“Text Neck” is a term coined by Dr. Dean Fishman, after he noticed more and more people were coming to his office with the same complaint — they all had neck pain, headaches, shoulder pain, or numbness and tingling into the upper extremity. This was concurrent with the rapid rise of smartphone usage.
After studying the new phenomenon, it was found that text neck (also called “iHunch” by some) leads to premature wear-and-tear on the spine and degeneration. It’s also become a pretty widespread condition. “It is an epidemic or, at least, it’s very common,” Dr. Kenneth Hansraj, chief of spine surgery at New York Spine Surgery and Rehabilitation Medicine, told The Washington Post. “Just look around you, everyone has their heads down.”
You might ask, “So what’s the big deal with putting your head down to check out an email?”
Fair enough. Let’s start with the fact that the typical human head weighs about 12 pounds. And the neck is fine with holding that amount of weight up, it was made to carry heads around, right?
When you bend that neck forward and down to check out something on your phone, the weight impact increases on your cervical spine (the structure of bones, nerves, muscles, ligaments, and tendons that extends from the base of your skull to the top of your shoulders). For example, at a 15-degree angle, your head puts 27 pounds of pressure on your neck. At a 30-degree angle, it’s 40 pounds. At 60 degrees, it’s 60 pounds.
That’s a lot.
Imagine carrying an 8-year-old around your neck several hours a day (and just imagine it, don’t try to actually do it!) and you’ll get the idea.
As you stretch the tissue for a long period of time, it gets sore and inflamed. That causes muscle strain, pinched nerves, herniated disks and, over time, it can even remove the neck’s natural curve. And the other thing to keep in mind is you’re also engaging in poor posture when you’re in the “text neck” position and that causes other problems. Experts say it can reduce lung capacity by as much as 30 percent as well as cause neurological issues, depression and heart disease.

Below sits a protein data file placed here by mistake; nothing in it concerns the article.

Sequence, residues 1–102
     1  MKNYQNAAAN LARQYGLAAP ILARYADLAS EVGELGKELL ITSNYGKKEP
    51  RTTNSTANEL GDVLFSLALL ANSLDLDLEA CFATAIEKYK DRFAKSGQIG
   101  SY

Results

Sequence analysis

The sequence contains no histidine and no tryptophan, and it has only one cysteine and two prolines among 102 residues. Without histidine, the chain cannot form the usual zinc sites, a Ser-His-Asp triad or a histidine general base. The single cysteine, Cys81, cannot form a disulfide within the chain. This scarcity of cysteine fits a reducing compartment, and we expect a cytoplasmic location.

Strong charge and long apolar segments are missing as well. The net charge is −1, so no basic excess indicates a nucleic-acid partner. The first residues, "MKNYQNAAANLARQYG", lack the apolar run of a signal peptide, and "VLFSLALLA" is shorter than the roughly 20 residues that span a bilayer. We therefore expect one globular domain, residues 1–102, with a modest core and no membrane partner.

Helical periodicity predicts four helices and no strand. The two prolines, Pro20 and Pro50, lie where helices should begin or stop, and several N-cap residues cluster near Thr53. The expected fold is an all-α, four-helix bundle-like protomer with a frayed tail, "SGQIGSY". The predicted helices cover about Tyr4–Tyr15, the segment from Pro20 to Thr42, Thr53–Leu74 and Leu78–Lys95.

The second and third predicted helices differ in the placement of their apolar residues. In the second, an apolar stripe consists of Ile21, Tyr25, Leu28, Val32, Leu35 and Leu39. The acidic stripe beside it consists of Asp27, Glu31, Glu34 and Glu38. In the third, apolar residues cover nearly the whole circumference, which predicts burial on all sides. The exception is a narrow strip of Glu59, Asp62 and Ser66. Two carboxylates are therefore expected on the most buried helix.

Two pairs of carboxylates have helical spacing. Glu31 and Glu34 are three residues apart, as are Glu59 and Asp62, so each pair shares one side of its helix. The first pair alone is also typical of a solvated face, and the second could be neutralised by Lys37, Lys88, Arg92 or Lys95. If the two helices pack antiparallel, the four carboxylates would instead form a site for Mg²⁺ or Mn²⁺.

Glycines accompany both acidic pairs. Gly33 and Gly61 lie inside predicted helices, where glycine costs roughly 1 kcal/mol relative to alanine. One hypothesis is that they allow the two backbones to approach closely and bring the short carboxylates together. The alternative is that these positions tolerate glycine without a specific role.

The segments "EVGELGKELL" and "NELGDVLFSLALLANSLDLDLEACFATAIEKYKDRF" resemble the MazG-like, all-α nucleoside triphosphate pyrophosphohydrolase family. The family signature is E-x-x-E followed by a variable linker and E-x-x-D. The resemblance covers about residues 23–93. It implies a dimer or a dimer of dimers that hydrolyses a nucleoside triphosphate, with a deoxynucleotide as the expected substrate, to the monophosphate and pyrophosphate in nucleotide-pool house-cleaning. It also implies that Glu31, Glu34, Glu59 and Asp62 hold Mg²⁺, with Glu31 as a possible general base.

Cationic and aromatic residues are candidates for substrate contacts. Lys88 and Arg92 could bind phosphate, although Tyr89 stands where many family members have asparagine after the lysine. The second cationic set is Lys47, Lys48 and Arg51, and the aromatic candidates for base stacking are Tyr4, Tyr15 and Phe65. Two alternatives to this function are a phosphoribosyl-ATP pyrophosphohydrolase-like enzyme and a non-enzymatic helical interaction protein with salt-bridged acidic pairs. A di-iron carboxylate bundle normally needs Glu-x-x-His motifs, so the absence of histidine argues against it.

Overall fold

Oh, and those headaches you might think are being caused by the tension and stress of your job? The truth is it’s highly likely they’re being caused by text neck because it’s another common symptom. They feel exactly like tension headaches…but aren’t.
I know it’s silly to think all these bad things can happen just as a result of staring at your smartphone. But Google “text neck” for yourself and you’ll see for yourself — these physical outcomes are all the real deal.
 Lindsay, Bever, “Text Neck Is Becoming an Epidemic and Could Wreck Your Spine,” The Washington Post, 11/20/2014 https://www.washingtonpost.com/news/morning-mix/wp/2014/11/20/text-neck-is-becoming-an-epidemic-and-could-wreck-your-spine/
If you want to read more about “Text Neck”, and other chronic pain issues, go to my website and order my new book Athlete in the Game of Life.